Topics in Photographic Preservation 2003, Volume 10, Article 10 (pp. 98-99)
Presented at the 2003 PMG Winter Meeting, San Juan, Puerto Rico
This research project, conducted jointly between The Museum of Modern Art and the Polymer Research Institute at Polytechnic University Brooklyn, is investigating adhesives for polyethylene resin-coated (RC) photographs. The research group is investigating Amorphous Polyolefins for use as the main component to a conservation adhesive. Our present findings indicate that an adhesive formulation with properties between a typical pressure sensitive adhesive and a heat-seal formulation appears promising and is best described as an ‘ultra-cool’ melt adhesive.
Adhesives rely upon interactive forces between the adhesive and the substrate to draw the two materials together. The adhesive ‘sets’ in three possible ways: an increase in molecular weight (cross-linking), solvent loss, and / or cooling. Adhesives that fall into the latter two categories are thermoplastic and describe most of the adhesives used in conservation processes and are the class of materials this research is limited to. With thermoplastics, the interactive forces are based on reversible secondary bond interactions. These secondary forces range from weak van der waals forces exhibited in aliphatic hydrocarbons to stronger forces including hydrogen bonding found in more polar compounds. Barring significant molecular degradation, thermoplastic type adhesives are reversed through some combination of solvent and or heat. The reversal via secondary forces is what makes these materials reversible under conservation guidelines.
One adhesive to be developed for a conservation application is the ethylene-polyvinyl acetate (EVAc) copolymer based heat-seal adhesive, Beva 371. This material was developed as a lining adhesive for paintings though paper and photograph conservators have also used it successfully for some applications. However, EVAc based adhesives are not ideal for non-polar surfaces like the polyethylene cladding of RC prints. When the substrate is polar, the high cohesive energy density from the vinyl acetate domains is an asset: the internal forces that account for the high cohesive strength are balanced out by the attraction the adhesive has for the polar substrate. This is an example of an adhesive that has both good adhesive and cohesive strength. When the substrate is non polar, which is the case with RC prints, the high cohesive strength of vinyl acetate does not have the same affinity for the substrate and, over time, the adhesive can pull away. In developing an adhesive specifically for non-polar substrates one must focus on weak van der Waal's forces to produce an adhesive bond.
Hydrocarbon rubbers, both natural and synthetic, lack the high cohesive energy density of PVAc and will more permanently bond to a non-polar surface. Unfortunately, they are chemically unstable and posses a fraction that is both low molecular weight and low Tg which will eventually separate out from the formulation and risk staining the print. In addition, they may increase their cohesive energy through oxidative degradation that would give rise to the same cohesive forces that could lead to delamination.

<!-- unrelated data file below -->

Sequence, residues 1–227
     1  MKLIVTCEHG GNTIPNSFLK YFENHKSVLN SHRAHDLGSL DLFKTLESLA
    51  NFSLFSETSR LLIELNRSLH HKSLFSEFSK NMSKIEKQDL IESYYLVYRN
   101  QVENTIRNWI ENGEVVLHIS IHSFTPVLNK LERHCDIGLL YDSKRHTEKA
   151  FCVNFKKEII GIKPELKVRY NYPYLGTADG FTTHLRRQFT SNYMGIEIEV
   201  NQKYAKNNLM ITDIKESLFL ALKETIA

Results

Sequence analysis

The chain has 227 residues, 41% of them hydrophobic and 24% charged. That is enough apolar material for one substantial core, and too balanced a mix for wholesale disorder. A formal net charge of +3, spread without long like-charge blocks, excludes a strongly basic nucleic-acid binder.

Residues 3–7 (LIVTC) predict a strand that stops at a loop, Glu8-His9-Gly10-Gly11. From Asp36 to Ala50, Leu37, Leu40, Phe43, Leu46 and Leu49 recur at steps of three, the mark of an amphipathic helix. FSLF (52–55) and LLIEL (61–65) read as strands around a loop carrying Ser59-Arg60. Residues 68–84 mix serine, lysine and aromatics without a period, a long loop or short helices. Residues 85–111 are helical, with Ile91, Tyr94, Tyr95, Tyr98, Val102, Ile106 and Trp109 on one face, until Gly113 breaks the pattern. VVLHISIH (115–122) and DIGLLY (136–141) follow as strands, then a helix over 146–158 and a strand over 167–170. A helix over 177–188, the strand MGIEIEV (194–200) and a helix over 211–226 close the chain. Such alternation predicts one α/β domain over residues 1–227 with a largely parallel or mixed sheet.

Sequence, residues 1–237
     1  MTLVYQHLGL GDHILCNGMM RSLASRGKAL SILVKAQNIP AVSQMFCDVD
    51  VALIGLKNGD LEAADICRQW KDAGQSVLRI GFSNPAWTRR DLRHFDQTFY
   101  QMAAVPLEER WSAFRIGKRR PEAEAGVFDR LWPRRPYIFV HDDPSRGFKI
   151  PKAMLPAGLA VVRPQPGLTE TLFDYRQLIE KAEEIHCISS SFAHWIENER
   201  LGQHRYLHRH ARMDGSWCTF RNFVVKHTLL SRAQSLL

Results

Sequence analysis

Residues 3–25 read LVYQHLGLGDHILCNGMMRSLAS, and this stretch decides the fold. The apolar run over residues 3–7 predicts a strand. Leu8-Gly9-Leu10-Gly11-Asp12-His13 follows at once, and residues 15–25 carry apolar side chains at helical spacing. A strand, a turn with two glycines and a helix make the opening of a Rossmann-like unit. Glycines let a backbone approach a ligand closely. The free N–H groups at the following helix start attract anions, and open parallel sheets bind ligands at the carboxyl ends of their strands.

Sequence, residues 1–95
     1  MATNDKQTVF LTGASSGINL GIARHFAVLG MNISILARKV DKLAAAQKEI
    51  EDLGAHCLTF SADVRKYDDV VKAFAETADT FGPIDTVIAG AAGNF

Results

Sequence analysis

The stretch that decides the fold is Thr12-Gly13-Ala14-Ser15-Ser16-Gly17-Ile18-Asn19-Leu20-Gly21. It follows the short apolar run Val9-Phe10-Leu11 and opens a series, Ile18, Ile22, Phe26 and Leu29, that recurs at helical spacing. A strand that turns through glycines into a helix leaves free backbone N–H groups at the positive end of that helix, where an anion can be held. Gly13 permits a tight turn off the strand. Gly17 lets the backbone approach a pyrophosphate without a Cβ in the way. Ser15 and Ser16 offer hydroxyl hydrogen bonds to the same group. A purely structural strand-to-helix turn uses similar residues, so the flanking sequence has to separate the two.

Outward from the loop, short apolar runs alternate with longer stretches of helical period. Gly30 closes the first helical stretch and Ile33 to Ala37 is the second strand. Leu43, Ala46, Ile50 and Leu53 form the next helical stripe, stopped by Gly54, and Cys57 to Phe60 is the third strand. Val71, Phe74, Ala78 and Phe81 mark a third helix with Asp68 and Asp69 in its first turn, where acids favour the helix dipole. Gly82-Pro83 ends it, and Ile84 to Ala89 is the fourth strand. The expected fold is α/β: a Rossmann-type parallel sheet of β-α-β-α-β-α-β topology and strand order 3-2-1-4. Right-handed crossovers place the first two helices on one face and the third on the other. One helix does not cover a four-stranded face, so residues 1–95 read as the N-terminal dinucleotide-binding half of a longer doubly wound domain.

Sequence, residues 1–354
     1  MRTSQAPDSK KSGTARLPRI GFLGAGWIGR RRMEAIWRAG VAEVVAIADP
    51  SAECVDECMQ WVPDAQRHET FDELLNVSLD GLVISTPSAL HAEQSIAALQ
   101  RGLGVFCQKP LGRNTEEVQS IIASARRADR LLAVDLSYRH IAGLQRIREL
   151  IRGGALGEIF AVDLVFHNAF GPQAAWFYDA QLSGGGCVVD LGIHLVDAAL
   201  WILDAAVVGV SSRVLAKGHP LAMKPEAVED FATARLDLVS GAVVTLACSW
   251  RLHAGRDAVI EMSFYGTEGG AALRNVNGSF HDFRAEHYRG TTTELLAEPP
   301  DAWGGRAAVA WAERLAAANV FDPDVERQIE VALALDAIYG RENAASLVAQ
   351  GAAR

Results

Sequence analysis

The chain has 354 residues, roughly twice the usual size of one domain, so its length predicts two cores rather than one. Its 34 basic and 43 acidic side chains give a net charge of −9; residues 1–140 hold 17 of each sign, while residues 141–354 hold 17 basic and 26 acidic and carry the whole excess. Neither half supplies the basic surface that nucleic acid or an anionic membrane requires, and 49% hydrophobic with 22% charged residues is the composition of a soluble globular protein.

Research is focusing on a class of copolymer resins known as Amorphous Polyolefins as that chief component in an adhesive formulation for RC prints.
Amorphous polyolefins (APOs) are a class of hydrocarbon copolymer resins that contain a crystalline polyethylene phase (similarly to EVAc copolymers) but have amorphous polypropylene segments. The amorphous component of these resins is the origin for the resin's ability to wet a surface. Since the APO is a copolymer, the ‘sticky’ component is chemically bound to the polymer and will not migrate out. The degree to which this covalently bonded wettability is limited and commercial formulations of PSA tapes contain low molecular weight liquid additives are used to improve ‘quick-tack’.
It was found that in developing an adhesive with reduced ‘quick-tack’ that slightly elevated temperatures were necessary to activate the bond. A series of APO test adhesives have been made and applied to a tape carrier support. It was found that 40°C (104°F) is a safe activation temperature to use for a brief time and that some of the test formulations are capable of supporting the weight of a large RC print. To apply an even pressure to the entire area of the tape join, steel blocks were submerged in a 40°C water bath. The blocks were machined to cover the entire face of the tape join and are 2.5 cm thick. This thickness yielded what is approximately light finger pressure, about 20 g/cm2.
The present trait of all adhesives under examination is that they require a slight elevation in heat. Thus, we are considering this a development of a new type of adhesive, an ‘ultra-cool’ melt to distinguish it from cool melt adhesives that are activated at about 65°C. Further testing will help determine the optimal adhesive formulation and will be the subject of forthcoming publications.
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Papers Presented in Topics in Photographic Preservation, Volume 10 have not undergone a formal process of peer review.